Math Box Feb. – March 5

Feb. 16-March 5


Go to school web site:
Click on the LINKS button
Click on Math Links
1.  Woodlands Math (scroll down to Shape and Space Skills section)
a.  Shapes:
i. Y4 Sort Triangles
ii.  Sort Quadrilaterals
iii.  Match the 3D shapes
b.  Angles
i.  Banana Hunt
ii.  Angles Through Sports
c.  Symmetry
i.  Symmetry Game

2.  Drawing a Picture:  Ask your child to draw the shape of his/her bedroom floor.  Then have your student measure the length and width of the room and write in these measurements on the picture.  Also, have the child draw the main pieces of furniture in the room and write their measurements.  Now look at the picture with your child and discuss how the furniture in the room could be rearranged.

3.  Dice:  roll the dice and then draw a shape with that many sides and angles.  For example, if you rolled a “3” then you could draw a triangle.  Repeat 3 more times by rolling different numbers.

4.  Symmetry:  Here’s an activity that will help your child recognize shapes that have lines
of symmetry.  A line of symmetry is any line that divides the shape into tow matching halves.  Some shapes have more than one line of symmetry.  Others don’t have any lines of symmetry.
Write the alphabet in large capital letters on a piece of paper.  Ask your child to identify letters that have one or more lines of symmetry.

IN THE CAR or on  a WALK:

5.  Angles:  Help your child become familiar with different kinds of angles while you are on a walk or drive.  A right angle is shaped like the corner of a piece of paper (it is 90 degrees).  An acute angle is less than a right angle.  An obtuse angle is greater than a right angle.
Help your child identify the three kinds of angles in your town.  You’ll find angles in car windows, on street signs, in doors, on posters, in suitcases, etc.


6.  Congruent Shapes:  This activity will help your child learn how to recognize congruent figures.  Figures that are congruent are the same shape and same size.  Find a can, a soup can will do fine, and a box, such as a cereal box or shoe box.  Have your child look at the can and the box and tell you which sides of each are congruent.  The top and the bottom of a can are congruent.  Opposite sides of a box are congruent.  Tell your child to think of a room in your home as a big box.  Ask your child to identify walls that are congruent.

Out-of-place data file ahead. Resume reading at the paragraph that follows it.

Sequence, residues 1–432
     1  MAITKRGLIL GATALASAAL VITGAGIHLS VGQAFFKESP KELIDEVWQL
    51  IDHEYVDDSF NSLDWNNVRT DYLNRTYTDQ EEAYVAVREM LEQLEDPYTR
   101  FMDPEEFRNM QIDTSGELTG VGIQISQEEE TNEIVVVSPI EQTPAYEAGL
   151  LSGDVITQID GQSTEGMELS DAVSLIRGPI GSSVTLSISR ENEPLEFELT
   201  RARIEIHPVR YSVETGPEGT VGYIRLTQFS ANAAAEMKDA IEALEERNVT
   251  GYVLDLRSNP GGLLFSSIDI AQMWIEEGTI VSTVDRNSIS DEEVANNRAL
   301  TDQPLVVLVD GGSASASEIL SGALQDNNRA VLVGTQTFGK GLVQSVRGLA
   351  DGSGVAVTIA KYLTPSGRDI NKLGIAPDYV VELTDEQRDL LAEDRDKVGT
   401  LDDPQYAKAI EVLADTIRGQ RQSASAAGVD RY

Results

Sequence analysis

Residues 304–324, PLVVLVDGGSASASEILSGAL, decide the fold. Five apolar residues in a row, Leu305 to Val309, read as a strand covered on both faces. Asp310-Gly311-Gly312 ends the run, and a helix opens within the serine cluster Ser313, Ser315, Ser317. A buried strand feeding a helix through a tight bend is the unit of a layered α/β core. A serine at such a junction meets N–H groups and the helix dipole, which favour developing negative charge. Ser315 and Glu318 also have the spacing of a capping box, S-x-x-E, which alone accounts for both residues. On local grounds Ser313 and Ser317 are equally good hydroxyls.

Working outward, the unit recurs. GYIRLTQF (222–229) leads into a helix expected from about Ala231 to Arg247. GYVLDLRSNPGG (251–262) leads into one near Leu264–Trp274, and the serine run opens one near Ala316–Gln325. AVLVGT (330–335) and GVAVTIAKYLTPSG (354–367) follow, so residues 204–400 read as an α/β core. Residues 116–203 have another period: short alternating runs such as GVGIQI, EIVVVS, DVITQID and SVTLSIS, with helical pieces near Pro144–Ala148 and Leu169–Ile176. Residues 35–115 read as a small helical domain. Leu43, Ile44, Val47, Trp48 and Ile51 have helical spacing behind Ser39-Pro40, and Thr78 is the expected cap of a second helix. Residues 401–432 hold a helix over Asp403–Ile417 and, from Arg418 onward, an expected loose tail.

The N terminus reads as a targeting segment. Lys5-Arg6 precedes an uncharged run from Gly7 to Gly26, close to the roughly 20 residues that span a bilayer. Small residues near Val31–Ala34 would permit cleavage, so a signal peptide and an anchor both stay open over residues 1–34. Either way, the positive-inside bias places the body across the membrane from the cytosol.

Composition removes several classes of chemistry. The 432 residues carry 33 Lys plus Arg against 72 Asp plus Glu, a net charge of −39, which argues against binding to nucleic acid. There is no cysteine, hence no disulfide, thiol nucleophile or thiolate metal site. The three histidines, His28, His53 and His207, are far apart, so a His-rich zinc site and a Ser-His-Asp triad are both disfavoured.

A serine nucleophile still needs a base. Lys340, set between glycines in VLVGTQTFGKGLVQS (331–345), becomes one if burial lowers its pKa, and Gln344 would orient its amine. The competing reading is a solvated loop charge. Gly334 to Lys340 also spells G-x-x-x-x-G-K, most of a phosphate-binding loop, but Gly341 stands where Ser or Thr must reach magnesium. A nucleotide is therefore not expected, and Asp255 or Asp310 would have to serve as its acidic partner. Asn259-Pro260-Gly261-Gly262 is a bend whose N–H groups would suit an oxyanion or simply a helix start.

7.  Area:  Ask your child to calculate the area of a tile on the floor or a window pane in your home by measuring its length and width to the nearest inch or centimeter and then multiplying them together.  By knowing the area of one unit, your child can find the area of the whole floor or window.  Have your child count the total number of tiles or window panes and multiply that number by the area of one tile or window pane.

8.  Volume:  Help your child practice calculating the volume of an object.  The volume of a solid shape is found by multiplying the length times the width times the height of the shape.  Ask your child to measure the width, length, and height of a toaster to the nearest inch or centimeter.  Then have your child multiply these three dimensions together to get the volume.  Repeat the activity with another household item.

9.  How Big is the Perimeter?  This activity will give your child practice finding the distance around an object, or its perimeter.  Have your child find the perimeter of two table tops in your home.  Your child can measure each side of each table separately and add the four lengths together.  Or your child can measure the distance around each table all at once.  Repeat the activity using another household item.

10.  Points on a Grid:  Spread out a map on a table or on the floor.  Think of a place on the map that your child is familiar with, for example, the school.  Tell the child: “I’m thinking of a place in the square B-6.  You go to this place almost every day.”
The child can look for the square that is across or down from the letter B and the number 6.  Once your child finds the square, he or she can look for the place that fits the clue (the school).  Have your child find two other places on the map.

New Math Box Games: (Cut out card stock games attached to this packet)

11. Parallelogram Game:  Play this game to help your child learn to recognize different kinds of parallelograms.  Parallelograms are four-sided figures having opposite sides that are parallel and the same length.
Mix up the 5 pairs of parallelogram cards from the pieces of card stock you cut out, and lay them face down.  Take turns turning over 2 cards at a time.  If the parallelograms on the two cards match, then the player can keep the cards.  Whoever gets more cards wins.

12.  Solid Shapes:  Try this activity to help your child learn how to recognize rectangular prisms, cubes, cylinders, and spheres.  Cut out the card stock with the names of the shapes on them.  Ask your child to find two examples of each shape and put the correct card on each object.  Your child might place a rectangular prism card on the TV or the refrigerator.  Your child might place a cube card on a toy block or a number cube.  The child might place a cylinder card on a paper towel roll or a can.  Your child might place a sphere card on a ball or marble.

13.  Reteach 81
14.  Reteach 82
15.  Reteach 83
16.  Reteach 84
17.  Reteach 85
18.  Reteach 86

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